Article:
BY JILL NAGY
Inspired by a letter received by his mother
when she was a teenager and a young bride,
Raymond O’Connor spent five years tracking down
information about the man who wrote the letter,
his namesake and his mother’s first husband.
The result is a book he authored, “She Called
Him Raymond–A True Story of Love, Loss, Faith
and Healing,” published in May.
The letter writer was Clarence Raymond
Stephenson, whom his mother, the former Helen
Gregg, called Raymond. They met in 1942, literally
bumping into one another in New York City’s
Central Park. They married in 1943, on her 18th
birthday. A year later she received the letter from
him–on her 19th birthday, their first wedding
anniversary–and the day her husband, a B-17
fighter pilot, was killed when his airplane crash
O’Connor’s mother re-read that letter every
year until failing eyesight made reading impossible.
On her 80th birthday, in 2005, she asked
Raymond to read the letter to her.
“It was the sweetest letter you ever read,”
Five years ago, he resigned from his position as
president and CEO of Saratoga National Bank, to
work full time on the book project. He searched
out a surviving military people and two of his
sisters. He interviewed his mother at length and
pored over newspaper clippings.
“It is by far the most meaningful thing I have
ever done in my life, and certainly the most difficult,”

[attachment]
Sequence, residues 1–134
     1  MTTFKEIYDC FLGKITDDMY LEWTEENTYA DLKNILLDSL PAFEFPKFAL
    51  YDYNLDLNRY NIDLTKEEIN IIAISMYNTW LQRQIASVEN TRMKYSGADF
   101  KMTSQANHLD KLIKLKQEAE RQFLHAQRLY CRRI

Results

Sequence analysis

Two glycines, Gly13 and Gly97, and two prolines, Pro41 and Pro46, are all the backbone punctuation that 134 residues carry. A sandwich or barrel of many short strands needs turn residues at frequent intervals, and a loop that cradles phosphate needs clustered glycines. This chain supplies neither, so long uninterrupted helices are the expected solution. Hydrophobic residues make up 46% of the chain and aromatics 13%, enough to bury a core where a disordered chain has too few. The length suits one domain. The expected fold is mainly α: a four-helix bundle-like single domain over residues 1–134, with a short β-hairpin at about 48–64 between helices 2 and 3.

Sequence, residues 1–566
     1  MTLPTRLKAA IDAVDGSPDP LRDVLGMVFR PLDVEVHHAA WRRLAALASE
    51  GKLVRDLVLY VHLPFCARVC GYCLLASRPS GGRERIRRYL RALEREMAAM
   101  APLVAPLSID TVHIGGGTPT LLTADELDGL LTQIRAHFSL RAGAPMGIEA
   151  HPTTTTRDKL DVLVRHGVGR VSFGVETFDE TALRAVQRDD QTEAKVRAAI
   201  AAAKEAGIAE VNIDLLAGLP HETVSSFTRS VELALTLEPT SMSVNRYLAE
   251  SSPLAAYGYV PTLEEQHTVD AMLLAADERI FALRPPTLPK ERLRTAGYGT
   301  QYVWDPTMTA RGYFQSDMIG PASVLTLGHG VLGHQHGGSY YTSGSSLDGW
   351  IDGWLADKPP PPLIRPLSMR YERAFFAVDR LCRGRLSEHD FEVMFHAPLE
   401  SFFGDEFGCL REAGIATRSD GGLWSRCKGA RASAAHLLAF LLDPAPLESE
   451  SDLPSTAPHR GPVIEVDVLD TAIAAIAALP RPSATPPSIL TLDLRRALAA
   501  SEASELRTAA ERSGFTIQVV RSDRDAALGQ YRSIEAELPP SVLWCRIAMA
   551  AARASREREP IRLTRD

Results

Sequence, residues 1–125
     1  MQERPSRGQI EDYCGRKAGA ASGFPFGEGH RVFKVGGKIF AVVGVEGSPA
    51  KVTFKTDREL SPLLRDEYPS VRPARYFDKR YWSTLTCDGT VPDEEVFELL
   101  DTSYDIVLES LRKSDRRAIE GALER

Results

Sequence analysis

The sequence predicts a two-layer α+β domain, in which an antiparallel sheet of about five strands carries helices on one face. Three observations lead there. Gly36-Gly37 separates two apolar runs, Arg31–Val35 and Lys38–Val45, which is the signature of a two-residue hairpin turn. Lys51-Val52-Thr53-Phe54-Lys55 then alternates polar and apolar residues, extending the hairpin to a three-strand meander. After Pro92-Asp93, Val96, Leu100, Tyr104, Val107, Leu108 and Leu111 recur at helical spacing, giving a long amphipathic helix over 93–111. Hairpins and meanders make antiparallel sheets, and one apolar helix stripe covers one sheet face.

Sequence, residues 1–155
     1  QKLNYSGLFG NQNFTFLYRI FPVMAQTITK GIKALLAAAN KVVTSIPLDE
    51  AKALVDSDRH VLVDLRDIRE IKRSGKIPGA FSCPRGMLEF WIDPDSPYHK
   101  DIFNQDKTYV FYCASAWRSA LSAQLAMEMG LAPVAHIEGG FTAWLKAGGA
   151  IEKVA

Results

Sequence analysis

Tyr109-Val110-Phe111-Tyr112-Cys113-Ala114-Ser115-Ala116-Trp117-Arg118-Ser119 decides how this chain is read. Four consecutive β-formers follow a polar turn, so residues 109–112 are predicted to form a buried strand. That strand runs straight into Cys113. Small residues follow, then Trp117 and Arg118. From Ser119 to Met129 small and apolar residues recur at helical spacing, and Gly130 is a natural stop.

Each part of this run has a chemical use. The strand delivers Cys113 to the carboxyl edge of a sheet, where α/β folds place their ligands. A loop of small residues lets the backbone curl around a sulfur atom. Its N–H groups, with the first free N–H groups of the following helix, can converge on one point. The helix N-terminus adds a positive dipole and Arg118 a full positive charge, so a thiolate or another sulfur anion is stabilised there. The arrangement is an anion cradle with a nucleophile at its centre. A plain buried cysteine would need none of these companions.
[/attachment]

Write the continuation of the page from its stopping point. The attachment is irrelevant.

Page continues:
Nine years after Raymond’s death, Helen married the man who would become the author’s
father. He thought the author was named for a
member of his family and it was only after her
second husband’s death that Helen began talking
to her son about the man he was really named for.
“It took her 60 years to start to talk about him,” he said.
Helen did not live to see the book published.
She died in 2013. But O’Connor bound a set of
proofs for her and his sister (Raymond’s daughter,
born six weeks before his death) and read it to her.
“At first she wasn’t too crazy about it,” he said.
“But then she got excited about it and said, ‘I
guess it’s OK.’ ”
When O’Connor finished the book–five years
and 14 manuscripts after he began–he thought
he never want to write another book.
Now, however, he is “giving some thought” to
writing a book about Protus Mayunga, the Tanzanian
mountain climber who guided O’Connor
and some friends on a climb of Mount Kilimanjaro
“He has an extraordinary personal story,” said
“She Called Him Raymond” became available
as an eBook in July. A paperback version is on
the way. Further information is available at
Photo Courtesy Ray O’Connor